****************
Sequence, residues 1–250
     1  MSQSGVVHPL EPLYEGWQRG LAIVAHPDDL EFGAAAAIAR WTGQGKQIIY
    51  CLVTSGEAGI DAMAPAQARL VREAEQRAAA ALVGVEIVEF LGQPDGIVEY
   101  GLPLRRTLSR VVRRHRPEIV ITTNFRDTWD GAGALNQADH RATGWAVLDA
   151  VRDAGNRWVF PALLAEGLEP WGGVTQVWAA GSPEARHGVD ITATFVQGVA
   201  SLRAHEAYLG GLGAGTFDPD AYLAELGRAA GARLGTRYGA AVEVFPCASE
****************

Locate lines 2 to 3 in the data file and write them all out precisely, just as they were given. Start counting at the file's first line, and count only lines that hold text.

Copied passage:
     1  MSQSGVVHPL EPLYEGWQRG LAIVAHPDDL EFGAAAAIAR WTGQGKQIIY
    51  CLVTSGEAGI DAMAPAQARL VREAEQRAAA ALVGVEIVEF LGQPDGIVEY